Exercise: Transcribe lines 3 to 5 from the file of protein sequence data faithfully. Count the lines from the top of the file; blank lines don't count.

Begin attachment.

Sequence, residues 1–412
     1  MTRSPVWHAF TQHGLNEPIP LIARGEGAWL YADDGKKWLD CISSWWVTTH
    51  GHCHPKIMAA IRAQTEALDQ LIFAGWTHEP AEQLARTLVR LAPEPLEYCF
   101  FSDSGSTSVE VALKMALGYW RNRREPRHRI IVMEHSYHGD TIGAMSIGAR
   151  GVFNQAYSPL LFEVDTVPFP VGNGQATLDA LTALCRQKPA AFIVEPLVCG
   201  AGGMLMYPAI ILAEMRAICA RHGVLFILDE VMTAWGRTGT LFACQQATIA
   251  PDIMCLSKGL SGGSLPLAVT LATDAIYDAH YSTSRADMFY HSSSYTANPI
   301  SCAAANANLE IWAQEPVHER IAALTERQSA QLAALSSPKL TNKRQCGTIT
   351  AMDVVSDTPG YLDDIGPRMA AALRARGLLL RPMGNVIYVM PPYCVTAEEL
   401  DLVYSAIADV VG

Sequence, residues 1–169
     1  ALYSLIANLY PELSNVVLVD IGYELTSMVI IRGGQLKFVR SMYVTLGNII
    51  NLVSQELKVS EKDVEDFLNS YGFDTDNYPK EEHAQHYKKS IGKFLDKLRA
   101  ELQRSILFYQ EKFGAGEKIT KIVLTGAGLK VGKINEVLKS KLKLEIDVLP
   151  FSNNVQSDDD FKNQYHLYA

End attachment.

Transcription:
    51  GHCHPKIMAA IRAQTEALDQ LIFAGWTHEP AEQLARTLVR LAPEPLEYCF
   101  FSDSGSTSVE VALKMALGYW RNRREPRHRI IVMEHSYHGD TIGAMSIGAR
   151  GVFNQAYSPL LFEVDTVPFP VGNGQATLDA LTALCRQKPA AFIVEPLVCG